The evidence supports a finding that Mr. Sife knew three people who had police records concerning their use of marijuana. However, there was no evidence introduced to show that Mr. Sife was aware that these three patrons of his restaurant were drug users. His assertion that some of his customers were drug users was not based on knowledge concerning specific persons but simply on the "law of probabilities." Even assuming that Mr. Sife had such specific knowledge, as the proprietor of a public restaurant he surely would not have been able to bar entry to "beatniks" or even to persons with criminal records, unless their presence created a likelihood that the premises would become disorderly. Yet even Mr. Mayone testified that the premises were orderly, as did the witnesses for applicant.
More important, there was no showing that Mr. Sife was a personal friend of Heath, Allen, or Miss Harris. His association with them, so far as this record goes, was solely that of a proprietor to a patron. It cannot be said that by virtue of the patronage of three marijuana users, only one of whom frequented the restaurant regularly, the premises became a "hangout" for drug users. And it was not shown, nor can it be said, that the business association between applicant and the three drug users would lead to the premises becoming such a hangout.
It should be noted that the testimony of Mr. Mayone, as well as the testimony of Mr. Sife and his witnesses, indicated that the Woodstock community was a summer colony for artists and those whom Mr. Mayone would describe as "beatniks". The concentration of such people in a community would inevitably affect the nature of the patronage of any place of public accommodation. And it is also likely, as Mr. Sife himself admitted, that among the "artistic" or "beatnik" set would be several persons who had used or were using marijuana or narcotic drugs. As has already been pointed out, however, Mr. Sife would have no right or reason to exclude as customers individual members of a larger group which constituted a fair proportion of the summer population of the community, unless their patronage created, or tended to create, disorder. A different result might be indicated if the restaurant were patronized by a concentration of homosexuals, drug users, or recidivists, a concentration of clientele which might, even without overt activity, permit inference of violations or likelihood of violations of law. Quite the contrary situation is presented here. With the exception of Mr. Steffanson, whose objectivity is suspect, all residents of the community testified that the restaurant was quiet and that a large proportion of its patrons consisted of older persons and family groups.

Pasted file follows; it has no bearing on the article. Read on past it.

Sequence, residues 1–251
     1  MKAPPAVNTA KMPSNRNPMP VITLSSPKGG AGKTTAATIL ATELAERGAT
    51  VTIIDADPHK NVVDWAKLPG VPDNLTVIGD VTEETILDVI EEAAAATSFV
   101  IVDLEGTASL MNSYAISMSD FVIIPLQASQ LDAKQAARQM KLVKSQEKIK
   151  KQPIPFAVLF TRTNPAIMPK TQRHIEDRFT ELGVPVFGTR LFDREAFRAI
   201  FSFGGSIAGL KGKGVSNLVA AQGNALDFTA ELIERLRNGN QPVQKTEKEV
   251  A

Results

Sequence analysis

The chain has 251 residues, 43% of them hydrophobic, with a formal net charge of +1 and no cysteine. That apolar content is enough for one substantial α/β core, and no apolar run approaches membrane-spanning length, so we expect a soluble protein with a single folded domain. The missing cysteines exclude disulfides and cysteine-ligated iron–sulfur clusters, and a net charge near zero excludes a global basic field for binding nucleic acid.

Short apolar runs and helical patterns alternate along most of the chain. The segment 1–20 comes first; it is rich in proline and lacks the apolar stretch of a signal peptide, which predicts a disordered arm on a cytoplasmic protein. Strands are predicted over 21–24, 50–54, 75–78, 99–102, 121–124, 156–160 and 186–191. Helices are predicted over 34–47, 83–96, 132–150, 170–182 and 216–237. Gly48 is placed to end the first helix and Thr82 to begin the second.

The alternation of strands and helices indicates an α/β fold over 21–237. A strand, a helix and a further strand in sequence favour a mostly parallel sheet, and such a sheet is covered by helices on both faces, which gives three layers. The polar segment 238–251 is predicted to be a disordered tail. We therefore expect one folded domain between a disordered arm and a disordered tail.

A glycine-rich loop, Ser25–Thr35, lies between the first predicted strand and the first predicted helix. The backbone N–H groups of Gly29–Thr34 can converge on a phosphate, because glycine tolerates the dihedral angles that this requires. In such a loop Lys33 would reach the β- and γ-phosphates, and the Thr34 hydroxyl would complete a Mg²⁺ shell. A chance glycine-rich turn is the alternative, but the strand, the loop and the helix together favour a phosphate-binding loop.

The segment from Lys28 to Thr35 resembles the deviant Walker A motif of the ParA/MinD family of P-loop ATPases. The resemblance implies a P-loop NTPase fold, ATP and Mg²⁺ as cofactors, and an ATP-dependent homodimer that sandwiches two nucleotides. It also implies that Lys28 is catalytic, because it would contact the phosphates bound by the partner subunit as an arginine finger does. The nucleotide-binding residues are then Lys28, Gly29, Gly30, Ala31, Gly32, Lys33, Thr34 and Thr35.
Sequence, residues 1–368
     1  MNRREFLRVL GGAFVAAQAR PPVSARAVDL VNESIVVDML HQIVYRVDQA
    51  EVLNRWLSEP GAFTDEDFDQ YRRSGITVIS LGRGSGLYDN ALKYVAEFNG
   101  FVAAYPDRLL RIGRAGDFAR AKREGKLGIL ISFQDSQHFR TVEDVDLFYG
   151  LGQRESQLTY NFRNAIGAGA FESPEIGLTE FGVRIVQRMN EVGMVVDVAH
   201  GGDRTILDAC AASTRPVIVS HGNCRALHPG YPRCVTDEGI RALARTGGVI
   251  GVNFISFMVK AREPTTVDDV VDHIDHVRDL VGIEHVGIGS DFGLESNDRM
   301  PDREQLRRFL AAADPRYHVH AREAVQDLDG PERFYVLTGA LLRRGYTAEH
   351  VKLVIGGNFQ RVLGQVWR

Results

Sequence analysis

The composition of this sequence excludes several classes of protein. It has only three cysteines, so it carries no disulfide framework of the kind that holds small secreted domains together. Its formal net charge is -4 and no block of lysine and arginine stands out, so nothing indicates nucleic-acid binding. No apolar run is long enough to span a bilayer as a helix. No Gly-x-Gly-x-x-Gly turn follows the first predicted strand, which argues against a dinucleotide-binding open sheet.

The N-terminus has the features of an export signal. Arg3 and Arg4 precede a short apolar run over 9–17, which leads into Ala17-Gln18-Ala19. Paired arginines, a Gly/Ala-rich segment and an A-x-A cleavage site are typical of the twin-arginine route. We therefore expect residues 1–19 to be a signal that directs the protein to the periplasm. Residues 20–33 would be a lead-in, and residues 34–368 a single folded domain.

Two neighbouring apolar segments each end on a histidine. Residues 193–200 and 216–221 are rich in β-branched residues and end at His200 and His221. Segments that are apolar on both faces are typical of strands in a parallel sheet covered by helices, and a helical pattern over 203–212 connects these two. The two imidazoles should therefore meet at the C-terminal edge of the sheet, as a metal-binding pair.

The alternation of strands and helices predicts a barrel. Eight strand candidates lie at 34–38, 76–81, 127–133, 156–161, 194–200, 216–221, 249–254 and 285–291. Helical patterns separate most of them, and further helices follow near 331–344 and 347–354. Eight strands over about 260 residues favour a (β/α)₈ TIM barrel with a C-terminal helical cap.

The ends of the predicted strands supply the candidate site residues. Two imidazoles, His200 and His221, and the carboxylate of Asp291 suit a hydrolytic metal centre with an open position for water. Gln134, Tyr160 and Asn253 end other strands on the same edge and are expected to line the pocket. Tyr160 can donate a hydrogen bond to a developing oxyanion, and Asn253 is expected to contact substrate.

In short, there is no evidence to support the conclusion that because of Mr. Sife's alleged incidental association with known drug users, issuance of a restaurant liquor license to applicant would create a high degree of risk in the enforcement of the Alcoholic Beverage Control Law. The discretion of the Authority in denying a new application for a license, or a renewal application, is broader than in revoking or suspending a license, and this court is limited to a determination "'whether the record discloses circumstances which leave no possible scope for the reasonable exercise of that discretion'" (Matter of Wager v. State Liq. Auth., 4 N.Y.2d 465, 468; cf. Matter of Migliaccio v. O'Connell, 307 N. Y. 566, 569). However, even this broad discretion must rest on a foundation of rationality (Matter of Stork Rest. v. Boland, 282 N. Y. 256, 273; Matter of Playdium, Inc. v. O'Connell, 276 App. Div. 14, 16-17, affd. 301 N. Y. 538; Matter of 54 Cafe & Rest. v. O'Connell, 274 App. Div. 428, 431, affd. 298 N. Y. 883).
Where the Authority's conclusions are based on speculative inferences unsupported by the record its determination should be annulled (Matter of Matty's Rest. v. New York State Liq. Auth., 21 A.D.2d 818, affd. 15 N.Y.2d 659 [history of disorderliness of premises under prior owners does not warrant conclusion that location would inevitably lead to disorderliness]; Matter of Clara & Bernard Rest. v. New York State Liq. Auth., 22 A.D.2d 871, 872 [denial of license based on "sensitive neighborhood", but no showing that applicant would be unable to maintain orderly premises]; Matter of Waverly Rest. Corp. v. State Liq. Auth., 24 A.D.2d 985, 986 [no showing that premises disorderly or that granting license would change character of premises]; Matter of 238 Rest. v. New York State Liq. Auth., 19 Misc. 2d 975, 978 [speculation that operation of premises would in future be in violation of rules of Liquor Authority unjustified]).
As in the above cases, the denial of the application in this case could only be justified by a conclusion that the nature of the clientele would create a substantial danger of violation of the rules and regulations of the Authority. Such a conclusion is without foundation in reason or evidence, and the Authority's determination was, therefore, arbitrary and capricious.
Accordingly, the order of the Appellate Division should be reversed, with costs, and the matter remanded to the State Liquor Authority for reconsideration of the ...